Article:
The official UK launch of Sega's Dreamcast on 5 September was overshadowed by concerns about the three-week delay before it is available in high-street shops, speculation over stock levels, and whether or not Sega can dent Sony's dominant position.
The launch party went ahead, but the date for the 128-bit console's store appearance was shunted from 23 September to 14 October.
The 21-day slip will have amused rival console giants, Sony and Nintendo, having already slashed the price of their game consoles to £79.99 in an attempt to steal Sega's thunder and upset the £199 Dreamcast launch.
But the move has also upset many retailers' marketing plans.
The delay was blamed on glitches with the internet capability of the console in Europe, but the Australian launch has also been postponed.
The setbacks have also led to speculation about the availability of the console, trouble the company does not need for its prodigal console. Many see the Dreamcast as the Japanese giant's last throw of the dice following the flop of its Saturn console.
Some observers believe the Nintendo 64 will particularly suffer from the Dreamcast's market entry, but Sony's huge installed base of 50 million worldwide, with four million of those in the UK, will make it difficult for Sega to earn the title of PlayStation killer.
The Dreamcast has already sparked huge interest with 300,000 advance orders received in the US before the end of August. In the UK, consumers are expected to be just as keen, with even the most hardcore PlayStation users switching to Sega instead of waiting a year for the PlayStation 2.
Chris Ratcliff, head of the G30 consortium of independent games retailers, said: "People tend to have loyalty to technology, not brand loyalty to a company. They just want bigger and better consoles."
The Dreamcast's powerful specification will generate significant interest. A spokesman for Sega said: "There may well be a mad scramble." But he refused to reveal how many consoles had been pre-ordered in the UK.
The delay to the launch has done little to endear Sega to UK retailers.
Will Copeland, managing director of retailer One Step Beyond, was forced to delay his marketing campaign. "It's a nightmare. I'd planned my advertising and now the whole campaign is on hold," he said.
However, Sega refused to disclose the percentage of consoles allocated to the UK independent sector. Independent stores represent approximately 15 per cent of the total market, a figured Copeland believed to be highly underestimated. He also claimed Sega has allocated only 12 per cent of the units to the sector, a figure that, in his opinion,will result in shortages.
Gem, the distributor that sells Dreamcast to independent retailers, also kept quiet about the actual number of units being made available to the independents, although it has been busy assuring retailers they will receive sufficient numbers of the console.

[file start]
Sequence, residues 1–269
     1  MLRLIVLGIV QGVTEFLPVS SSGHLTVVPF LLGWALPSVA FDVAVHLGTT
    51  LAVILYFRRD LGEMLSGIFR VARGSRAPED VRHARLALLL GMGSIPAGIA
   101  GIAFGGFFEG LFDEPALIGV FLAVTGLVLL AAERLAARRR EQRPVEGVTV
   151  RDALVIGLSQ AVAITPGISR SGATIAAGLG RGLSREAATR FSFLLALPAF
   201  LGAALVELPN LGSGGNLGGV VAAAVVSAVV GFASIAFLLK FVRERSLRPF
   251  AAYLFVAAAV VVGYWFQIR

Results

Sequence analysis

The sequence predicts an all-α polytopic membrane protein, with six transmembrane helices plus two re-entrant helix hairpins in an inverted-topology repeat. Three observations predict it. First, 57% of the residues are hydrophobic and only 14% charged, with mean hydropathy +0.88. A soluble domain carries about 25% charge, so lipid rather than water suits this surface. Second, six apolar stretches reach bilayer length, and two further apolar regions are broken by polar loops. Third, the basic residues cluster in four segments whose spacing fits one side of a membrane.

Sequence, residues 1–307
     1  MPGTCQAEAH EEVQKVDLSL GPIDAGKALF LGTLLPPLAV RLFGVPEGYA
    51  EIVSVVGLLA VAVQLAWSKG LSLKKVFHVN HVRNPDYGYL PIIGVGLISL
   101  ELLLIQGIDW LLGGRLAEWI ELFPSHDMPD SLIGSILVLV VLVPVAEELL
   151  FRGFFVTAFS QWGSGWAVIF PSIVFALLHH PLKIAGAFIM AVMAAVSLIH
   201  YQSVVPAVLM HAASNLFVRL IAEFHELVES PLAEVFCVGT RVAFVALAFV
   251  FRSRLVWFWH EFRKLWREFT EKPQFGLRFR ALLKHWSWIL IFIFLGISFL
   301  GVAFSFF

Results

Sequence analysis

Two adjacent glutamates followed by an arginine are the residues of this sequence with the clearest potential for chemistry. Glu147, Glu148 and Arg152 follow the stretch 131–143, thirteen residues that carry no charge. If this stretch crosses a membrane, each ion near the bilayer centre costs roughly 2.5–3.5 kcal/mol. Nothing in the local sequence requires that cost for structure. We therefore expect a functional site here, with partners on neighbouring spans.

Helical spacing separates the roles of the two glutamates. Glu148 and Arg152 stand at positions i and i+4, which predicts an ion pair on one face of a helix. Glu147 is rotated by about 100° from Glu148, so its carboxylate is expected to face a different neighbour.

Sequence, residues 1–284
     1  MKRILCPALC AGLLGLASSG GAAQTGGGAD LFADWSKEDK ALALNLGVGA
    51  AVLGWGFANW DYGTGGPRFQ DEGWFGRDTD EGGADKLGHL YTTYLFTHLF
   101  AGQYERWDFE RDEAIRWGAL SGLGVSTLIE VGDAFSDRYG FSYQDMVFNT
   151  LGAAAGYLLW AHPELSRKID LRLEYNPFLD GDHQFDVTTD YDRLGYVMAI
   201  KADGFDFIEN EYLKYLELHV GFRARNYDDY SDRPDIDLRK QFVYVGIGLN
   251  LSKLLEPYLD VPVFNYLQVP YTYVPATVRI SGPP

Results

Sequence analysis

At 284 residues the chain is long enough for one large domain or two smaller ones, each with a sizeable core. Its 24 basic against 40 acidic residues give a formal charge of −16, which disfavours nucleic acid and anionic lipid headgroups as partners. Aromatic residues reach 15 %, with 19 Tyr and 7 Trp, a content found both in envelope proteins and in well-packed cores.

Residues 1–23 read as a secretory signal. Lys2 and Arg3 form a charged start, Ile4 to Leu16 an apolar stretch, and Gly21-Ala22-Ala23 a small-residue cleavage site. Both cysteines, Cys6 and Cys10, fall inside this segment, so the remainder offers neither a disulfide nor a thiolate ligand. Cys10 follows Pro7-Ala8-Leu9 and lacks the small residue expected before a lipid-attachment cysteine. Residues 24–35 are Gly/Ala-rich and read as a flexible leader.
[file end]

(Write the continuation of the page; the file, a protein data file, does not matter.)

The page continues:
Paul Donnelly, managing director of Gem, said: "The independents will get a fair and significant allocation of stock as they are an important sector."
The Sega spokesman refused to comment on the delay and how it will affect stores, particularly the independents, but Donnelly was upbeat. "We are all disappointed about the delay but the customer won't go away. The delay gives time for more stock and titles to be available at the launch," he said.
Ratcliff believed that Dreamcast could present an opportunity for Sony to attract a different breed of consumer for its PlayStation.
"The Dreamcast is targeting the latest generation of console users, so Sony must target later adopters, those who thought they didn't want a games console, or those who could not previously afford one. The Dreamcast will sell well - the technology has no direct competitor. As for the PlayStation, there's life in the old dog yet," he said.
Sony is hardly quaking in its boots, especially with its next generation console scheduled for release next year. A spokeswoman for Sony said: "We have sold more than 20 million PlayStations in Europe since 1995. That's a lot of people, in fact, more than have ever bought video games in the past. To say we would change our strategy is wrong, PlayStation has already taken gaming to a different consumer - from the typical 12-year-old to a higher average age. We are not a static company, we are always producing more games, and we welcome competition as it rejuvenates the market."
The aggression of Sony's PlayStation price cut was highlighted at ECTS last week, when SNK dropped the price of its handheld gaming device, the Neogeo Pocket Colour, before it hit the shelves. The price fell to £59.99 from £69.99 because the company felt the pricing was too similar to console prices.
Nick Gibson, analyst at Durlacher, said: "I don't think the Dreamcast delay will really damage Sega.
It does seem to have been quite straight about the cause. However, Sony is still such a powerful player that Sega will have to look at innovative ways of approaching the market. The bundling deal with Sky's set-top box was the latest example."
He added that he believed the convergence of the set-top box and games console may be one of Sega's plans. Such a move would shift the industry goalposts and could leave Sony on the sidelines.
The only problem is that the three giants in the games sector have probably all had that idea, and it will certainly be another race to see which one hits the market first. Sega has won this round with internet access, but the battle for TV channel access has not even begun.
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